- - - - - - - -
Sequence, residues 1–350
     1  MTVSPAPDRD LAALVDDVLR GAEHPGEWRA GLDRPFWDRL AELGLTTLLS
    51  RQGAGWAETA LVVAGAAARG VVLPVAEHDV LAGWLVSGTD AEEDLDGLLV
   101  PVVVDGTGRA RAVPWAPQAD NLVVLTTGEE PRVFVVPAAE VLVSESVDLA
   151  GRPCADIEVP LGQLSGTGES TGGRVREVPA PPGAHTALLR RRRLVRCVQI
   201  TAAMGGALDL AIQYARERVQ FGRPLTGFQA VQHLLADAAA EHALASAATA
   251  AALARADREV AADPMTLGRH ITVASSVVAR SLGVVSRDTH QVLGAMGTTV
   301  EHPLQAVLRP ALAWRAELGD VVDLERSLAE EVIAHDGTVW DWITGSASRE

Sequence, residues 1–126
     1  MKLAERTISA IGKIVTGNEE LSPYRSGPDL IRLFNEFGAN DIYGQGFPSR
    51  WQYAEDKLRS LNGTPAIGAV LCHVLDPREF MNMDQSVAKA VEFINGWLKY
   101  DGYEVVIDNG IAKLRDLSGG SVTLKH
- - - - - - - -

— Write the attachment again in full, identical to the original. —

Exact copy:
Sequence, residues 1–350
     1  MTVSPAPDRD LAALVDDVLR GAEHPGEWRA GLDRPFWDRL AELGLTTLLS
    51  RQGAGWAETA LVVAGAAARG VVLPVAEHDV LAGWLVSGTD AEEDLDGLLV
   101  PVVVDGTGRA RAVPWAPQAD NLVVLTTGEE PRVFVVPAAE VLVSESVDLA
   151  GRPCADIEVP LGQLSGTGES TGGRVREVPA PPGAHTALLR RRRLVRCVQI
   201  TAAMGGALDL AIQYARERVQ FGRPLTGFQA VQHLLADAAA EHALASAATA
   251  AALARADREV AADPMTLGRH ITVASSVVAR SLGVVSRDTH QVLGAMGTTV
   301  EHPLQAVLRP ALAWRAELGD VVDLERSLAE EVIAHDGTVW DWITGSASRE

Sequence, residues 1–126
     1  MKLAERTISA IGKIVTGNEE LSPYRSGPDL IRLFNEFGAN DIYGQGFPSR
    51  WQYAEDKLRS LNGTPAIGAV LCHVLDPREF MNMDQSVAKA VEFINGWLKY
   101  DGYEVVIDNG IAKLRDLSGG SVTLKH